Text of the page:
Updated: Jun 14, 2020
When Hunter hired Dickson, he knew he was hiring a person who sympathized with Terman’s beliefs. By 1922, Dickson (1922) had tested nearly 30,000 students. He and his mentor alleged that students with certain IQs should undertake specific jobs, and the schools’ responsibility is to guide students to a suitable vocation based on their IQ.
According to their theory, persons with IQs ranging below 70 were fit only for unskilled labor, those between 70-80 could undertake semi-skilled labor, students scoring 80-100 were able to do skilled or ordinary clerical work, those netting between 100 and 110 could pursue semi-professional positions, and the select few with IQs over 110 could enter the broader fields of business and other professions (Terman, 1922). Consequently, Dickson began testing students early in elementary schools, emphasizing that every step of the student’s vocational training should be at the forefront of this guidance. Thus, many students were entrenched in the tracking system by first grade.
Tracking impacted the students’ academic achievement and social status. The IQ test, fashioned by Caucasian academics, created biased tests, which resulted in non-Caucasian students scoring lower than Caucasian students (Epstein, 2006) with subsequent placement in the lower tracks. Students on the higher tracks received a better education with more rigorous instruction, while students on the lower tracks received less of both. Additionally, the track system affected friendship patterns because students generally made friends with other students on the same track, which not only shaped later networking opportunities but failed to integrate students from different backgrounds (Mickelson, 2002-2003). The academic and social factors of tracking would have significant repercussions for OUSD.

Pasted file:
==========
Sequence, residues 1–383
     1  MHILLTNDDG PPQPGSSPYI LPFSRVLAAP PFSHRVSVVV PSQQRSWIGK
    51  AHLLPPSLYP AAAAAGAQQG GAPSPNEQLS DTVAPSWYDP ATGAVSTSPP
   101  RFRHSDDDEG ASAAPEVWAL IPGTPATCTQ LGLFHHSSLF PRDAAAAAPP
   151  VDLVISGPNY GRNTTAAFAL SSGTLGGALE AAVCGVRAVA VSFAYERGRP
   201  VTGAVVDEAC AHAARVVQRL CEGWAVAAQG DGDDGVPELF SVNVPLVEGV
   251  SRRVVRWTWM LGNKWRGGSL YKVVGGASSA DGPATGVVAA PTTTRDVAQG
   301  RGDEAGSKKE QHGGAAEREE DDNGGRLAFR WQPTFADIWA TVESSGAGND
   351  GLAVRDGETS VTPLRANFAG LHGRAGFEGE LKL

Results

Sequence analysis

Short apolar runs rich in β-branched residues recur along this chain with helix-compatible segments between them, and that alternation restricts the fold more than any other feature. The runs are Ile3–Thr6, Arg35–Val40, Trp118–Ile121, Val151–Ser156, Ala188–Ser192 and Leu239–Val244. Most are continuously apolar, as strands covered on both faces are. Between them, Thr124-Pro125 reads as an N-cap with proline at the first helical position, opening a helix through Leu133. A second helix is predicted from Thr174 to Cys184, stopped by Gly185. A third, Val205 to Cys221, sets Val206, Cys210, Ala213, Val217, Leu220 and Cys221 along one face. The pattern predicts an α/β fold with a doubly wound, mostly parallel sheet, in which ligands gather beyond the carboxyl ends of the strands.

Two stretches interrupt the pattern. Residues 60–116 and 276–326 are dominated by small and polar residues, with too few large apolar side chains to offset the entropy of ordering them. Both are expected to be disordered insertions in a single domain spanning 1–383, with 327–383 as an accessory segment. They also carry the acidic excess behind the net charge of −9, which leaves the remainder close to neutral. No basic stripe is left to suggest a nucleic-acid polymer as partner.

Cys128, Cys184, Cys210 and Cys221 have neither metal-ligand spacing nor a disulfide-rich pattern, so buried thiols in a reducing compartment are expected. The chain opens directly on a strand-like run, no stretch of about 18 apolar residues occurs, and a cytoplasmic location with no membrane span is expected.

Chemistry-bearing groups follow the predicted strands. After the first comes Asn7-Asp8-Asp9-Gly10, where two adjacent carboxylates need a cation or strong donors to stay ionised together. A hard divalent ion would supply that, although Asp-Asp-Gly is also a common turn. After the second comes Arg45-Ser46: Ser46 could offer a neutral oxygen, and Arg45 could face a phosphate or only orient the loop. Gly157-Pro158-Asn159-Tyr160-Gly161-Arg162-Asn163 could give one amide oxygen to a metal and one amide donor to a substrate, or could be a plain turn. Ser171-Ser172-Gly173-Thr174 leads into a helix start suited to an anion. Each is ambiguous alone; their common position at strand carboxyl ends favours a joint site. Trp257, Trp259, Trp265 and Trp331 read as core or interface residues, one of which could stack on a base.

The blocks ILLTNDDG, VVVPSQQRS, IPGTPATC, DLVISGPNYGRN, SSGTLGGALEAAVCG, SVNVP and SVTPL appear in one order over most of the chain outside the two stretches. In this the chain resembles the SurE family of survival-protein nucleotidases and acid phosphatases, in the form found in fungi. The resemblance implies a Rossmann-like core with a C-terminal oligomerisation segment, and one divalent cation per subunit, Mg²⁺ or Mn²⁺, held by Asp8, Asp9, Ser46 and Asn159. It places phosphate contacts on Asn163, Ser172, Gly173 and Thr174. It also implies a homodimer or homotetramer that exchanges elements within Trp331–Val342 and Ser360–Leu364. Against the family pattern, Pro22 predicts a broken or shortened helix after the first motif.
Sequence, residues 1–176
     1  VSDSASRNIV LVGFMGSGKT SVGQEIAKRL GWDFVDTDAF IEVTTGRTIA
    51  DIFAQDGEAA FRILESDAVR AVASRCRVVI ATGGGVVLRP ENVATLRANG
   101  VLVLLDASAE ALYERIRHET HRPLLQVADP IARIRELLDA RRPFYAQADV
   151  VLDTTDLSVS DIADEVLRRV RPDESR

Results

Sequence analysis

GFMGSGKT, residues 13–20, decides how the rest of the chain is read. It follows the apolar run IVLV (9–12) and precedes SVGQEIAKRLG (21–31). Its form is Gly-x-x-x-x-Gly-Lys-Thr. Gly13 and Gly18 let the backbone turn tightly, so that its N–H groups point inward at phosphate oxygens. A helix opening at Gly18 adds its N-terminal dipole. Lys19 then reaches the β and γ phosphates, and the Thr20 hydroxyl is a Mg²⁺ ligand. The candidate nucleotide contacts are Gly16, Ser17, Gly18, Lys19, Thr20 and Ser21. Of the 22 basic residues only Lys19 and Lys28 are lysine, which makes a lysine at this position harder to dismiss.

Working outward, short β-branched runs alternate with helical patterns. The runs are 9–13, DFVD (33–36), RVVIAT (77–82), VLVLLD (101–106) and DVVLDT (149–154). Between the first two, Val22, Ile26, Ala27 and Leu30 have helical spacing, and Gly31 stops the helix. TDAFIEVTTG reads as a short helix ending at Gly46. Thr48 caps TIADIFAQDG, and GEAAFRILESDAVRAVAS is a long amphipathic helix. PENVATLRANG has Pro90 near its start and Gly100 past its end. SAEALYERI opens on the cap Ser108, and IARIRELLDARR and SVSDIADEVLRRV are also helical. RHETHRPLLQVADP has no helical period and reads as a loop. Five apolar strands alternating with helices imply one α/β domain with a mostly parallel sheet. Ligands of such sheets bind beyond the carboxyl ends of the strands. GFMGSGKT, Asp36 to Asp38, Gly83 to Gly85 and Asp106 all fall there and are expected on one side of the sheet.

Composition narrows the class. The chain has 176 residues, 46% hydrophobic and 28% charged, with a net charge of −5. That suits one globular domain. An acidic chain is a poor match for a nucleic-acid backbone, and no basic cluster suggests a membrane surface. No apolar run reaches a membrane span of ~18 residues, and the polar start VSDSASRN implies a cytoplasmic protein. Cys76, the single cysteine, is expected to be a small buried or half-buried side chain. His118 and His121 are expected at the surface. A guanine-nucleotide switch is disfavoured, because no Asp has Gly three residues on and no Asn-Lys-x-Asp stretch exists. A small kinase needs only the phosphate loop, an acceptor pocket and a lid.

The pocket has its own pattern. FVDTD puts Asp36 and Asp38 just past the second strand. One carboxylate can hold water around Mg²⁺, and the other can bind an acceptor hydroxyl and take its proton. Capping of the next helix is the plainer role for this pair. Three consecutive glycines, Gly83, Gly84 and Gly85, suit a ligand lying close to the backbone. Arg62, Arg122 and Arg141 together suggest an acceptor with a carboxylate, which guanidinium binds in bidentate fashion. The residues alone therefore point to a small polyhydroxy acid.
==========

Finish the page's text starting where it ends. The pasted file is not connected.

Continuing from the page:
The tracking that Dickson, through Terman, brought into OUSD was successful in creating a system within the school district to separate students based on intelligence. In actuality, because of the bias of the tests, it created a system to separate Caucasian students from non-Caucasian students. Although they did not specify racial separation in their reports, Terman and Dickson undoubtedly would have been satisfied with the result. As open proponents of eugenics, they held the belief that Nordic heritage was superior to non-Nordic heritage.